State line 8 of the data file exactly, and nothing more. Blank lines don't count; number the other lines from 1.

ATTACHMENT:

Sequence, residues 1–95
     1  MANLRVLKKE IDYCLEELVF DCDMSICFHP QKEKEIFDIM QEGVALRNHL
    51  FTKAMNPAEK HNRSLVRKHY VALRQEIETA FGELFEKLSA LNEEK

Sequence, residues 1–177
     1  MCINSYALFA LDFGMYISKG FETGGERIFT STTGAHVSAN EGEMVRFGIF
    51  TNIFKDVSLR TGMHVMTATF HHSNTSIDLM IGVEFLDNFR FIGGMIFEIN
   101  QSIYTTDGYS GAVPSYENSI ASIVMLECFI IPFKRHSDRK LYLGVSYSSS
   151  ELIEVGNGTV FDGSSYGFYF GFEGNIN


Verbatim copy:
   151  ELIEVGNGTV FDGSSYGFYF GFEGNIN